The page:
At a bustling St. Louis fair in 1904, a refined Minnesota music teacher from Red Wing in her mid-30s leaned in close to listen to an American Indian legend humming a tune.

Geronimo, the Apache warrior, was 75 and signing autographs — carefully printing his name on cards he sold to passersby at the Louisiana Purchase Exposition.

“I stood behind him,” Frances Densmore later recalled, “and noted down a melody that he hummed.”

She was just getting started. Densmore spent the next 50 years on a quest to preserve Indian music — lugging bulky recording equipment, notebooks and tripod cameras to remote Indian villages from Minnesota’s North Woods to Arizona’s painted desert.

When she was done with her last recordings, capturing Seminole songs in the Florida Everglades in 1954 at age 87, Densmore had collected more than 2,500 Indian songs on wax cylinders for the Smithsonian Institution’s Bureau of American Ethnology. Updated versions of her fieldwork now live on in the Library of Congress.

In 1905, a year after crossing paths with Geronimo, Densmore found herself among Ojibwe at White Earth in northwestern Minnesota. She noted the excellent singers, the picturesque costumes and the feverish dancing on the green, mid-June prairie.

“Hour after hour I sat beside the dance circle, becoming more and more impressed with the idea that I must record Chippewa songs,” she later wrote.

By 1907, using a primitive Edison home phonograph machine borrowed from a Detroit Lakes music shop, Densmore recorded music sung by an Ojibwe man named Big Bear and his friends. Soon she was visiting the Leech Lake Reservation village of Onigum — one of many places she traipsed that seldom saw unaccompanied white women.

Her visit to Leech Lake came at what she called “an opportune time.” That is, if you’re a music researcher — not the chief of the band.

“Flat Mouth lay dying … and I was the only white person present,” she said. “The Indians knew I was there but made no objections, and I heard songs that were sung only on such an occasion.”

Densmore’s love of music started early. She grew up in a song-filled house in Red Wing. Her father, Benjamin, had led black troops in the Civil War and worked as a civil engineer and foundry owner. Her mother, Sarah, was both disciplined and open-minded.

From her childhood home on the Mississippi River 50 miles southeast of St. Paul, Densmore could hear the rhythmic chanting of Dakota Indians camping on a nearby island.

“We could hear the throb of the drum when they were dancing and sometimes we could see the flickering light of their campfire,” she wrote. “If my mother had told me that Indians were savages, I might have been afraid to go to sleep. Instead I was told they were people with different customs from our own and there was no fear in my mind. I fell asleep night after night to the throb of the Indian drum.”

As a young woman, Densmore studied piano, organ and harmony at Oberlin College in Ohio, continuing those studies in New York and Boston.

“Years passed and I grew up in the white man’s music becoming a piano teacher and organist,” she wrote. “But there remained a wonder about the Indians dancing to the throb of the drum across the water.”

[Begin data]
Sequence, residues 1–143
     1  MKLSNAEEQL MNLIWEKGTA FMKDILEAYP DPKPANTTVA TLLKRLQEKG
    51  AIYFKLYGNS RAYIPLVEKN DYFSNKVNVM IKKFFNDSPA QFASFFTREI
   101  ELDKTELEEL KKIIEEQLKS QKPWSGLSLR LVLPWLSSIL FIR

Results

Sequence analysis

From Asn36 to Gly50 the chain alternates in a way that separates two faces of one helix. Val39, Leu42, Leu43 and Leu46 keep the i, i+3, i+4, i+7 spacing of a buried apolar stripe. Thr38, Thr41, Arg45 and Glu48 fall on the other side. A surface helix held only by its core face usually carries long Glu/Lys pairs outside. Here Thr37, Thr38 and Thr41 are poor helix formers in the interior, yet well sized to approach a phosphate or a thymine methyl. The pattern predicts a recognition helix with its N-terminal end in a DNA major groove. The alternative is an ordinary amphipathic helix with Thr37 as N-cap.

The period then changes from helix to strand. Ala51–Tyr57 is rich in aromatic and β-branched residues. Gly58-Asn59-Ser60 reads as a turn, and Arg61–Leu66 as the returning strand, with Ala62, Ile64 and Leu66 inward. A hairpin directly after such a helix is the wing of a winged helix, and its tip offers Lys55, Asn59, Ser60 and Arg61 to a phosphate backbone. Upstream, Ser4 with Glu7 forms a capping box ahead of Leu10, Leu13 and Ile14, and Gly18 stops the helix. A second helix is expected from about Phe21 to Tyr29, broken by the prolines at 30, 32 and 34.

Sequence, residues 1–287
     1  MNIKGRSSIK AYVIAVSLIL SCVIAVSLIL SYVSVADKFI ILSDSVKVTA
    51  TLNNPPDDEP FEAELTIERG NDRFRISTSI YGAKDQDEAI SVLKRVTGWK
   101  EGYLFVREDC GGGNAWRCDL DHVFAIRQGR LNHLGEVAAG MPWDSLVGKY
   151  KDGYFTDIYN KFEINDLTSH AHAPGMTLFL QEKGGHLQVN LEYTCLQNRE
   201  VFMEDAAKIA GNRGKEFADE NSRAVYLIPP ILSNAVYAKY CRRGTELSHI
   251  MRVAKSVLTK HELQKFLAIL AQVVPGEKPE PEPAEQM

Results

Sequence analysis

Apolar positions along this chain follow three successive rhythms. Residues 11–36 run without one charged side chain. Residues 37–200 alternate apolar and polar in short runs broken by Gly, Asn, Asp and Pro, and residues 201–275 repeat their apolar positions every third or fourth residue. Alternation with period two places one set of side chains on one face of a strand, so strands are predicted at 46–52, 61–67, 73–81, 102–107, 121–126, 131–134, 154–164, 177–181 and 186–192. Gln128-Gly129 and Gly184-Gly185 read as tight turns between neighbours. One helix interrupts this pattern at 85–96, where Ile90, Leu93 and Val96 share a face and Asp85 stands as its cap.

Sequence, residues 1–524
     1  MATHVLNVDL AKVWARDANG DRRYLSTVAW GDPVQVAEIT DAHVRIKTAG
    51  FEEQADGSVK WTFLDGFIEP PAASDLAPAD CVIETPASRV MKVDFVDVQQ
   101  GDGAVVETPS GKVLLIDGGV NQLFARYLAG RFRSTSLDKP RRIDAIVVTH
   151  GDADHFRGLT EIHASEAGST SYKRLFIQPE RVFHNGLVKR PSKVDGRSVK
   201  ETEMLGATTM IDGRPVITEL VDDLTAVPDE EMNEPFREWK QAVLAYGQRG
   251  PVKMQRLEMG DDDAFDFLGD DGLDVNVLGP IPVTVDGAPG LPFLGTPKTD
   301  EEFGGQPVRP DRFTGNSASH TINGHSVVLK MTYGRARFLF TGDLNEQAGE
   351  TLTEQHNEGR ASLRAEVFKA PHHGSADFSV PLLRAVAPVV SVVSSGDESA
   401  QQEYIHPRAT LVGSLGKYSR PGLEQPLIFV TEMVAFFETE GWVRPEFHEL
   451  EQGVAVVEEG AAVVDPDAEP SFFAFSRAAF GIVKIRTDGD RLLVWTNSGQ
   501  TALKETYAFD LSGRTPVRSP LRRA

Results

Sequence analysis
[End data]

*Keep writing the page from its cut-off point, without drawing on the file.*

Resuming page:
In 1893, at the Columbian Exposition in Chicago, “I heard Indians sing, saw them dance and heard them yell and was scared almost to death,” she wrote.

During the ensuing decades, her fears eased and she became close friends with many Indian leaders. But she always kept a prim, professional distance — staying in white government bureaucrats’ homes near distant reservations.

While early American anthropologists tried to embed themselves with the targets of the research, Densmore insisted she never obtained material “by pretending to be one of them and eating out of the same dishes. I have seen people who use this technique and did not find out very much. There is no use trying to be a social climber among Indians.”

Densmore was driven by the notion that Indians were vanishing amid white immigrants’ progress and that their music would soon disappear. She cobbled together funding from the Smithsonian and other benefactors, often traveling with her sister, Margaret, by train, wagon and canoe.

Over the years, her romantic idealization of Indians turned somewhat bitter, according to St. Paul’s Stephen D. Smith, an editor for American RadioWorks, who spent a year researching Densmore in the 1990s for Minnesota Public Radio (see his report at:

As she lectured early in her career, Densmore described a typical Indian leader as a man who “holds his head high and walks with the old dignity, but the barbed arrow is in his heart. The white man has no time to sit by the fire, smoke the long pipe and exchange grave compliments with his dark brother.”

When Indians failed to dissolve into the American melting pot as she predicted, Densmore’s sympathy hardened, Smith said. During her decades of research, she said: “I never let them criticize the government nor the white race, nor come across with any sob-stuff about the way they had been treated, as a race.”

She had spent her last 15 years retyping notes, meticulously documenting her research for the historical record and making sure everything was tucked away in the Library of Congress.

When Densmore died of pneumonia in Red Wing two weeks after turning 90 in 1957, her will directed that all letters, notebooks and manuscripts left in her desk be burned. Her work was complete, and she didn’t want anyone analyzing her private chronicles after her death.


Curt Brown’s tales about Minnesota’s history appear each Sunday. Readers can send him ideas and suggestions at